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Unfolding Energy Efficiency in Eastern Partnership Countries

Fostering energy efficiency is a prerequisite of sustainable development. A recently published Synthesis Report argues that the entire innovation ecosystem and the relationships within shall be analysed when promoting energy efficiency especially in countries like Eastern Partnership Countries of the European Union. A more systemic understanding is in order to stimulate the necessary paradigm shift towards more qualitative growth that enhances life.
Works on secular stagnation hypothesis have been blossoming (Teulings and Baldwin 2014; Eggertsson and Summers 2016). Even there are some caveats, one message to convey is that advanced countries – including Europe – must seek for a paradigm shift towards more qualitative growth. What Europe needs today is that what was proposed 32 years ago by the French economist, Yves Berthelot: “The transition to a new form of growth will not be able to be accomplished without a mastery of industrial structural transformation.” (Berthelot 1983:20).
The decision about the seventeen Sustainable Development Goals in the fall of 2015, as the successor of the United Nations’ Millennium Development Goals, demonstrates the widespread view that people and our planet need qualitative growth that enhances life. This concept views the economic, social and environmental systems as a mutually interdependent integrated living ecosystem of which growth process should shift from quantitative to a more qualitative growth featured with more efficient innovations in production processes and services by internalising environmental costs, involving renewable energies, zero emissions, continual recycling of natural resources, and restoration of the Earth’s ecosystems.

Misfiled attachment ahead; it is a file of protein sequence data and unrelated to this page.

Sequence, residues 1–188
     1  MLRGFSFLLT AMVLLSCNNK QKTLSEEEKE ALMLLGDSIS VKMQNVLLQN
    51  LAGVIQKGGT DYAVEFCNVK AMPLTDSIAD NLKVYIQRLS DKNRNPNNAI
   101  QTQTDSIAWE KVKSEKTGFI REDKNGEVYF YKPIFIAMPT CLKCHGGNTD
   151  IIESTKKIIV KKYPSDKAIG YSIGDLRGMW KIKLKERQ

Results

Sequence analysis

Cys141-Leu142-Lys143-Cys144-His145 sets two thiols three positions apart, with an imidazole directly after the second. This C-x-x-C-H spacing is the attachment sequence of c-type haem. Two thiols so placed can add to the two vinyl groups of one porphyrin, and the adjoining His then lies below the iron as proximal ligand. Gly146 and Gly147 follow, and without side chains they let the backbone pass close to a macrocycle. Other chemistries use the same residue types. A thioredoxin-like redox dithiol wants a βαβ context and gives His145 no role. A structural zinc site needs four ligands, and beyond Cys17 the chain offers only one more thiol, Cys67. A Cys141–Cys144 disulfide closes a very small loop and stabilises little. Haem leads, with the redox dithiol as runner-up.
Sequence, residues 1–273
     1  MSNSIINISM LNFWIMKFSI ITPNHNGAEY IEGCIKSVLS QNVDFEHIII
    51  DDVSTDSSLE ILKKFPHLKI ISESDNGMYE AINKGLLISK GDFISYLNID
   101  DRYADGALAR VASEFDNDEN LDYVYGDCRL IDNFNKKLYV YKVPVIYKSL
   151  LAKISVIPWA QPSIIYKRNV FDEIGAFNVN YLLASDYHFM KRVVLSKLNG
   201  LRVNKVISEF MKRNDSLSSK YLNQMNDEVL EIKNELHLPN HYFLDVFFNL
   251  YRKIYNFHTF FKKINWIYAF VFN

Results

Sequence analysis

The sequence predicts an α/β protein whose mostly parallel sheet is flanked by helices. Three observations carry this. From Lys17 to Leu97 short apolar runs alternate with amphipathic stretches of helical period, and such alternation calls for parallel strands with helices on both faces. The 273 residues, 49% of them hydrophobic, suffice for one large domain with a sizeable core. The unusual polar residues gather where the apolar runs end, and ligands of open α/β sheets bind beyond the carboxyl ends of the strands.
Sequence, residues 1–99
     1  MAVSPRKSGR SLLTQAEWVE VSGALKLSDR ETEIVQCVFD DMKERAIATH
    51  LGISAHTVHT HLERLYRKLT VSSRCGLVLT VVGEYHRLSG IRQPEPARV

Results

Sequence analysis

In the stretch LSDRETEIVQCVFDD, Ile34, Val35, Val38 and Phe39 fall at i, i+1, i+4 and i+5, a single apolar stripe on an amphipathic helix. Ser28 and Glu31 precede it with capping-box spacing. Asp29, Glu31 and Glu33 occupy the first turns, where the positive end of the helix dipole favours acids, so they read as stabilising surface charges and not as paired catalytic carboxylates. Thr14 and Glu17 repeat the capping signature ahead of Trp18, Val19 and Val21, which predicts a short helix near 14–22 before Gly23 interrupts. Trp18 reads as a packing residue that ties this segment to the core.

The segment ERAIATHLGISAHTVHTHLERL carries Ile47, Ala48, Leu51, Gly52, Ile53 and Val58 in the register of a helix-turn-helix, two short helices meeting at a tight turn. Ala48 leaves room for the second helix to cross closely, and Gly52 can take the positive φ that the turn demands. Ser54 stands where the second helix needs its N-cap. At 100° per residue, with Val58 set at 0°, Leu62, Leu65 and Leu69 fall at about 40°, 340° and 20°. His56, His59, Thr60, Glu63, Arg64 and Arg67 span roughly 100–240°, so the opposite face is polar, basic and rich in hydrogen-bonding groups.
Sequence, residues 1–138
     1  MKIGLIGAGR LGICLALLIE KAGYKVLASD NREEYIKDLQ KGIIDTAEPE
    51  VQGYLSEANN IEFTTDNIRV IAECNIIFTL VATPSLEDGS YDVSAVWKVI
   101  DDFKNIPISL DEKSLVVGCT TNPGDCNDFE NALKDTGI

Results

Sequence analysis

Interestingly, the goals are interspersed with the spirit of energy-awareness (e.g. increasing clean energy, well-being can also be spurred by pursuing energy efficiency, sustainable cities etc.). The experience of advanced and developing countries conveys the message that sustainable economic dynamism (quantitative and qualitative growth) is of essence because rising income levels are associated with observable decline in energy intensity (IPCC, 2000; Metcalfe, 2008). Stimulating socio-economic dynamism is therefore of key importance in coping with challenges like avoiding locking in energy inefficiency to reach eco-efficiency in the EU as well in securing the shift to a more qualitative growth. This approach shall reach even the Eastern Partnership Countries (EPCs) of the EU as well, such as Armenia, Azerbaijan, Belarus, Georgia, Moldova and Ukraine.

R&D&I for energy efficiency in EPCs – Institutional architecture matters

In a recent Synthesis Report prepared by ICEG European Center (Kovács, 2016a), we analysed the results of the national studies on major drivers, barriers and bottlenecks to increase energy efficiency in the innovation ecosystems of EPCs. The studies were prepared within the project INNOVER-EAST. In addition to identifying the major barriers and bottlenecks that are largely interrelated and are influencing the absorption, diffusion, demand and supply of R&D&I, the report also outlines policy recommendations with a list of potential innovation support services.
The report reveals inter alia that despite SMEs are employing almost 50% of the labour force in most EPCs, SMEs fall short in contributing to the GDP (on average 30% of the GDP is given by them) as compared to what extent SMEs do in OECD countries where more than 55% is determined by SMEs activity.
It points to the shortcomings of the entire innovation ecosystems EPCs have. What is more, due to the lower pace of development of the financial markets, intermediation sector remains highly risk-averse, as a corollary, the room for SMEs to be engaged in risky R&D and innovations as well as adaptations of best practices in pursuing energy efficiency is rather limited.